Lucile Packard Children's Hospital
|Lucile Packard Children's Hospital at Stanford|
|Location||Palo Alto, California, United States|
|Affiliated university||Stanford University School of Medicine|
|Emergency department||Level 1 Pediatric Trauma Centers|
|Helipad||FAA LID: 15CA (Shared with Stanford University Medical Center)|
|Lists||Hospitals in California|
|Other links||Lucile Packard Foundation for Children's Health, Stanford University Medical Center|
Lucile Packard Children's Hospital at Stanford (LPCH) is a nationally ranked women's and children's hospital which is part of the Stanford University Health system. The hospital is located adjacent to the campus at 725 Welch Road, Palo Alto, California. It was founded in 1991 and is staffed by over 650 physicians with 4,750 staff and volunteers. The hospital specializes in the care of infants, children, teens, young adults aged 0–21, but sometimes treats older adults and expectant mothers. Lucile Packard Children's Hospital is an ACS verified Level 1 regional pediatric trauma center, 1 of 7 in the state.
Lucile Packard Children's Hospital at Stanford was founded in 1991 after a $40 million donation in 1986 from David and Lucile Packard, and since then LPCH has become one of the nation's most prominent children's hospitals. In 1996 LPCH merged with the Stanford University Medical Center, and the Lucile Packard Foundation for Children's Health was established as an independent public charity to ensure a continued source of dedicated funding and support for the health and well being of children.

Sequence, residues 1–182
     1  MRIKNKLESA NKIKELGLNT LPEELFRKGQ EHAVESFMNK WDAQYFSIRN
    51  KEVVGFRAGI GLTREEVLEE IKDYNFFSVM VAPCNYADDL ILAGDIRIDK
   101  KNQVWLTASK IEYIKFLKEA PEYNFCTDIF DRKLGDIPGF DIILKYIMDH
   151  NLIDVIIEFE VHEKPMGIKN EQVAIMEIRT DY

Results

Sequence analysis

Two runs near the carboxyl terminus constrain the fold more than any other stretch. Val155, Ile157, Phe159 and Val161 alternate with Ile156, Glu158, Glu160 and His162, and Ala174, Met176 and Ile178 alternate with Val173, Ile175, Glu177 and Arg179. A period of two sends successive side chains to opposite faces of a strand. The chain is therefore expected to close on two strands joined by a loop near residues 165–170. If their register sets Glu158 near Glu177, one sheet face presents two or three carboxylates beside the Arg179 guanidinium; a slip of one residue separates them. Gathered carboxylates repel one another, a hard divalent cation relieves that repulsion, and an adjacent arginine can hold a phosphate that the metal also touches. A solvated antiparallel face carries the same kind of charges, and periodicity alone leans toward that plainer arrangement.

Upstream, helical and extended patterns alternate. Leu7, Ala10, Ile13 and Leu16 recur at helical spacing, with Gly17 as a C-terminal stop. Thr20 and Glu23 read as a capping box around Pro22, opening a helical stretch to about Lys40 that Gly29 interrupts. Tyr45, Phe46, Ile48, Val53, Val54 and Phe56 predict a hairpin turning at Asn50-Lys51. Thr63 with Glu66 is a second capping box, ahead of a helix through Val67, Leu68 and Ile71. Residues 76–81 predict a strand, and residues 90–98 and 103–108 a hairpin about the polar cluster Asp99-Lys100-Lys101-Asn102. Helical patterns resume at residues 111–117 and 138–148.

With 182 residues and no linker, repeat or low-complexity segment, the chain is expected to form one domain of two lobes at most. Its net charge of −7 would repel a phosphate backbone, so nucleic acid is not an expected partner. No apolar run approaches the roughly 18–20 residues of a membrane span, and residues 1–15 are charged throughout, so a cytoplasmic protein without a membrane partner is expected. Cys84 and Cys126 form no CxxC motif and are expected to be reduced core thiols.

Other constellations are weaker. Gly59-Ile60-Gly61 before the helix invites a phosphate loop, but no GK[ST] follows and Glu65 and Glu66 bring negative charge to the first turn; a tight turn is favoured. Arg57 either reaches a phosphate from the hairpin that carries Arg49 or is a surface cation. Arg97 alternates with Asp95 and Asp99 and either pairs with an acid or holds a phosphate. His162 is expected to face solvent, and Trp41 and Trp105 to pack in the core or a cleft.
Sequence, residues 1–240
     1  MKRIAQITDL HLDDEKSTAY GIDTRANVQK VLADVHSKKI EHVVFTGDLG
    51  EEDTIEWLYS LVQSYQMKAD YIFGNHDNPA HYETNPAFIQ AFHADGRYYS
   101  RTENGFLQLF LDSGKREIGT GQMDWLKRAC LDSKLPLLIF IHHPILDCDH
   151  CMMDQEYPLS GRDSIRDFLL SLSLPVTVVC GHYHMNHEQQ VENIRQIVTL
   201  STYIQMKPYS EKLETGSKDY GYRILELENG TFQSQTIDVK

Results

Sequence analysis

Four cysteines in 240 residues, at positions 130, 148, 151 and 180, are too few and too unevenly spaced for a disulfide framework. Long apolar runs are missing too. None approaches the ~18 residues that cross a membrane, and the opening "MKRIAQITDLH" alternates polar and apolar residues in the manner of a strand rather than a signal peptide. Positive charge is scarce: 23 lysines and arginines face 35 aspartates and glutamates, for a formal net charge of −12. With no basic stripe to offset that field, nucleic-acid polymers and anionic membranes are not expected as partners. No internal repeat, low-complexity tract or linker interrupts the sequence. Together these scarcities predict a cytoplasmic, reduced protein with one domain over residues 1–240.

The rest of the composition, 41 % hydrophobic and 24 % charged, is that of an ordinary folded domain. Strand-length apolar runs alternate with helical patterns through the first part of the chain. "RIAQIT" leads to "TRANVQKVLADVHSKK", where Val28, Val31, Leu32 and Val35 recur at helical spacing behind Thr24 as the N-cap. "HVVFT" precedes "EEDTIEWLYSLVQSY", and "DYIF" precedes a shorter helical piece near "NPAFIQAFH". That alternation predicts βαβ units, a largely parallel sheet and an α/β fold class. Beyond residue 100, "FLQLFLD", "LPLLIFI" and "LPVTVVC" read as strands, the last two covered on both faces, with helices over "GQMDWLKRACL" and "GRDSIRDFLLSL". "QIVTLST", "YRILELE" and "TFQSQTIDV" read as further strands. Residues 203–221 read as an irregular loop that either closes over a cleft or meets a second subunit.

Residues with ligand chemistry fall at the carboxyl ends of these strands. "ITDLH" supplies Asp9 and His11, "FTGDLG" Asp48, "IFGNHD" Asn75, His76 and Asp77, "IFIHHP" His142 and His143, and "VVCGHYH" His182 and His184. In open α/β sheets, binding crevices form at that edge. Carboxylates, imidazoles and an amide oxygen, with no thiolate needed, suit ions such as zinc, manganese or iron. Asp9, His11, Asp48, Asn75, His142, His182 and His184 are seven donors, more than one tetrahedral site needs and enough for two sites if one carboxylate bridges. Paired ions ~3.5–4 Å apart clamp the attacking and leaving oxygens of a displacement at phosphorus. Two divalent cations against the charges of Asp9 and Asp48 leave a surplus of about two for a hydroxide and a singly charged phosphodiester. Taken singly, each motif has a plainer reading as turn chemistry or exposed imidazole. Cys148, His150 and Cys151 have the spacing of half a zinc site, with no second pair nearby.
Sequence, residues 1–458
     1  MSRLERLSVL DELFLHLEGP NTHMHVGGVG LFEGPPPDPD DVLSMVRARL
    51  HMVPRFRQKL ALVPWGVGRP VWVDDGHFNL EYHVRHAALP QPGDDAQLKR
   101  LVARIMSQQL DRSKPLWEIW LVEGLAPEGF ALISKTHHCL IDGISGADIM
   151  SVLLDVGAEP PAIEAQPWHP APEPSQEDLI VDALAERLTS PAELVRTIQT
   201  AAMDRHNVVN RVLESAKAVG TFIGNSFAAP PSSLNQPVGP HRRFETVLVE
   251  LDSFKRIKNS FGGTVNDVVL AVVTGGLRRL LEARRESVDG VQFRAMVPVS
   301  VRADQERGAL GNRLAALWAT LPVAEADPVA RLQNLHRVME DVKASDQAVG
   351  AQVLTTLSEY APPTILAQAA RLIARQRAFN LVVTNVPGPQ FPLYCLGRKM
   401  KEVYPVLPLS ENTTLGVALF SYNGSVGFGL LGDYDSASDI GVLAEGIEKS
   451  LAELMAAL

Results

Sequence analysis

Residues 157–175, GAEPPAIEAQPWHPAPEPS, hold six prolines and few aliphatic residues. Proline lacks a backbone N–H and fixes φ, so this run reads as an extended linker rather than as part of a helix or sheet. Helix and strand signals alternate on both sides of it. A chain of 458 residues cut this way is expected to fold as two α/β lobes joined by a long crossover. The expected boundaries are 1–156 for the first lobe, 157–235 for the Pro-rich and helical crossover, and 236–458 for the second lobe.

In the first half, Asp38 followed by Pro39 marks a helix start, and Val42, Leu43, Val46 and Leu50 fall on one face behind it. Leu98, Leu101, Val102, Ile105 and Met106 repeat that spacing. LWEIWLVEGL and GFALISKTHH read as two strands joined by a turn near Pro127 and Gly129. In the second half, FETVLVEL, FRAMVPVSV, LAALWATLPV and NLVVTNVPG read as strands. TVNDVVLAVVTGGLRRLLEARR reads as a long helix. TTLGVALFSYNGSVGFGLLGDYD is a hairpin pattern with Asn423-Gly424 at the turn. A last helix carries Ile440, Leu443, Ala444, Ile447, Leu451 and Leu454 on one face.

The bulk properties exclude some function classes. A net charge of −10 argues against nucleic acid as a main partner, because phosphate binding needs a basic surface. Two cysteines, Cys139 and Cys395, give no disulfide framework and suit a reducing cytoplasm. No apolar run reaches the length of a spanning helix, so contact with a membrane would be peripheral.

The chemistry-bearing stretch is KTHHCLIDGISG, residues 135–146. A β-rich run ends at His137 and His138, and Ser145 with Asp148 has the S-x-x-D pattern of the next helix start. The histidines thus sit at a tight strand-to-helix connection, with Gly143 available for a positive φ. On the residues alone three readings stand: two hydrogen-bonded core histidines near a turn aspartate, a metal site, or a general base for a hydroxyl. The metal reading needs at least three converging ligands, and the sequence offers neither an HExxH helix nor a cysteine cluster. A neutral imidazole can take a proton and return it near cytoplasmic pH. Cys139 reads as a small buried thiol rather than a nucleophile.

Lucile Packard Children's Hospital also hosts one of the centers for the study and treatment of Marfan syndrome in the USA. The hospital hosts the most extensive program for Marfan-related thoracic aneurysm in California and one of the largest in the country.
Modernization and expansion
On December 9, 2017, Lucile Packard Children's Hospital Stanford opened a new 521,000 square-foot building Main building and 3.5 acres of surrounding gardens and green space. The new building more than doubled the size of the existing pediatric and obstetric hospital campus, adding 149 patient beds for a total of 361 on the Palo Alto campus. Within the original building, now called the West building, design plans are underway for renovating the existing Johnson Center for Pregnancy and Newborn Services to create a dedicated mother and baby center.
Lucile Packard Children's Hospital Stanford's Main building is LEED Platinum certified by the U.S. Green Building Council (USGBC). It was the second children's hospital in the world to earn LEED Platinum status, the highest designation for sustainability awarded by the U.S. Green Building Council.
In November, 2019 neighboring Stanford Hospital expanded and moved their adult emergency department and trauma center to a new building. The move enabled LPCH to expand their pediatric emergency department.
Patient Care Units
The hospital has multiple patient care units for patients of all ages.
- 36-bed Cardiovascular Intensive Care Unit (CVICU) - Cares for infants-adults with congenital or acquired heart disease.
- 36-bed Pediatric Intensive Care Unit (PICU) - Critically ill pediatric patients aged 0–21.